Interview on ABC News with Jane Norman
JANE NORMAN, HOST: Let’s bring in our Tuesday political panel now and joining me in the studio is Liberal Member for Durack, Melissa Price.
MELISSA PRICE, MEMBER FOR DURACK: Hi, Jane.
NORMAN: And Labor Member for Eden-Monaro and frontbencher, Kristy McBain. Thank you for your time today.
KRISTY MCBAIN, MINISTER: Good afternoon.
NORMAN: Well, let’s start with the super simple issue of workplace relations. And, of course, we’ve got a second lot of amendments that are set to be introduced into the House of Reps today. Kristy McBain, starting with you – it’s a government bill – there doesn’t seem yet that there is enough support for this bill to get through Parliament. Are you worried that the Government has been too ambitious here, has overreached in what it’s trying to achieve?
MCBAIN: I don’t think so. I think what we’ve seen is 10 years of an economic policy which kept wages deliberately low. And what we’re saying is we need that to change. We want workers to get a pay rise. We’ve seen minimum wage workers get a pay rise. We’ve seen aged care workers get a pay rise. And we need to get wages moving. People across my electorate, a lot of whom work for minimum wage and for small employers, want to see their wages go up. So it’s time that we actually moved on this. We’re a new government. We’re a good government that’s listening, and we’ve already seen amendments made. And now we want to get this bill through the House because, as my colleagues have said, the importance of getting wages moving for Australians is now more important than ever with the price of inflation going up.
NORMAN: Yes, exactly, with inflation at a 30-year high, so nobody, I think, would argue with that. But in terms of just the size, the complexity of this bill, the amendments that are being put forward day by day, why is there a Christmas deadline on this?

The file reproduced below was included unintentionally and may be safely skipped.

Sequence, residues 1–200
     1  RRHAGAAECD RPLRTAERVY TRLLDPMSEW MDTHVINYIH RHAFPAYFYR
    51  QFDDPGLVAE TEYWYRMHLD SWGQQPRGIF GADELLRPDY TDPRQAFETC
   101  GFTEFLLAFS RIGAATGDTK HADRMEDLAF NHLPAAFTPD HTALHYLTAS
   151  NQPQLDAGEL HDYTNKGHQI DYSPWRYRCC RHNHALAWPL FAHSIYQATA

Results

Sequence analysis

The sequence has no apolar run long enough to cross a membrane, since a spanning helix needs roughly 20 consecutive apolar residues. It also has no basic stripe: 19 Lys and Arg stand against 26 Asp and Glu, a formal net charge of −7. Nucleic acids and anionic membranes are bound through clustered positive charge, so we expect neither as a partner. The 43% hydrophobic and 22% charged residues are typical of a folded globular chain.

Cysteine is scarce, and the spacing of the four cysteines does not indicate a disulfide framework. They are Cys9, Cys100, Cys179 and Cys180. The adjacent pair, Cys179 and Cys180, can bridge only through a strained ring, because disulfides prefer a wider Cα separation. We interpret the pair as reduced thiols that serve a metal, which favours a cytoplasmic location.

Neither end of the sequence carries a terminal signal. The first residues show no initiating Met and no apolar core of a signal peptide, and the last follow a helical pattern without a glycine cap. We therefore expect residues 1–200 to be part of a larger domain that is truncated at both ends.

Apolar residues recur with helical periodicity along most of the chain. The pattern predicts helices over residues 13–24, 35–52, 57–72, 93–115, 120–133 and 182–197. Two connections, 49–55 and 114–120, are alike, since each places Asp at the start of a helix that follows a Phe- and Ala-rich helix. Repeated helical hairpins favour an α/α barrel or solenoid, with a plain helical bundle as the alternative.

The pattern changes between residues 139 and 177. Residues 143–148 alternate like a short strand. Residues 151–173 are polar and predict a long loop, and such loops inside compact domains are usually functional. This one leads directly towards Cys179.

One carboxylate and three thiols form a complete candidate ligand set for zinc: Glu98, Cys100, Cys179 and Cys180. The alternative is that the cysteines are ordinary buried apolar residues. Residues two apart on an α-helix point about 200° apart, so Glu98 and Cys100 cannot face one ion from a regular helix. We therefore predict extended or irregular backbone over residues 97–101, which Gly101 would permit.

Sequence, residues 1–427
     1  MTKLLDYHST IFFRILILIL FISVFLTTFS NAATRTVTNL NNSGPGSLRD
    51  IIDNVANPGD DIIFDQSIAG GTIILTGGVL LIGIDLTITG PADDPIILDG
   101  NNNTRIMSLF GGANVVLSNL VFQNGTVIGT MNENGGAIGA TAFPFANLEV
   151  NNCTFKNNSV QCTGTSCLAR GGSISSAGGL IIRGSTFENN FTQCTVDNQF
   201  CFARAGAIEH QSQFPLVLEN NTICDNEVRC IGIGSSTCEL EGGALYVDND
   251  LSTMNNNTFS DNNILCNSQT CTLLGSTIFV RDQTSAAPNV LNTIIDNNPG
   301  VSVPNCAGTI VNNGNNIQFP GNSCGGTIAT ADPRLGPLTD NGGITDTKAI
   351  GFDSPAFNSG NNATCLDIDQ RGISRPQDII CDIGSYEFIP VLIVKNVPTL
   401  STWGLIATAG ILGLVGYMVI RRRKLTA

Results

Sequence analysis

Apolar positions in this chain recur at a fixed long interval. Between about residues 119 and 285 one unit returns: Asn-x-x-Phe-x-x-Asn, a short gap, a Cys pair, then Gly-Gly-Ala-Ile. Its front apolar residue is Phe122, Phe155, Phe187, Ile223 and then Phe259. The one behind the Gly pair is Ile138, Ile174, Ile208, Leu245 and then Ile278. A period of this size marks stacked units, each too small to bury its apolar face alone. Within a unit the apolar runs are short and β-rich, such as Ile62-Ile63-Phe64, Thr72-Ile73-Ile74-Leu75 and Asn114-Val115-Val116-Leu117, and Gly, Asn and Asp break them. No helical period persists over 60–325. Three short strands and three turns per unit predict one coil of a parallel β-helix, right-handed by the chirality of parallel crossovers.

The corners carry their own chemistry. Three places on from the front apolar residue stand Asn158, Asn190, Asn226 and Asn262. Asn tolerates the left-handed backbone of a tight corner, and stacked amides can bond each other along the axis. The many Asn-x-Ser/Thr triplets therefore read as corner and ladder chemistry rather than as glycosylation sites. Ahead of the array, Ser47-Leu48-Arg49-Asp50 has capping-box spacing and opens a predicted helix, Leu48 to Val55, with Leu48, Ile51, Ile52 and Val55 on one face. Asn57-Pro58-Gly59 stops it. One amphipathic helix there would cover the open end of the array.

MCBAIN: As I said, I think it’s really important that we actually say to the Australian people we have an ambition to get wages moving. We took that to the election. We’ve saw – we’ve already seen pay increases for those lower paid workers in our system. We want to make sure that every worker has the ability to bargain. Our enterprise bargaining system has been largely broken down, and we want to get wages moving. And the best way to do that is put this bill through, get it moving so that employers and employees can get on with that job of entering the enterprise bargain system.
NORMAN: Melissa Price, let’s bring you in on this discussion. I think if one – if businesses and unions can agree on one thing it’s that the enterprise bargaining system is broken. You look at the numbers, the percentage of workers covered by EBAs now has fallen over time, which means more people are on the lower award rates. Is this something that the Liberal Party, the Coalition, might look at supporting to actually try and improve the bargaining system?
PRICE: Well, firstly, we don’t know what are the proposed amendments that we’re going to be able to see. But from all accounts – and this is just not me as a Liberal representative but from industry perspective, small business – I don’t think there’s one industry group that’s happy with where this IR legislation has landed.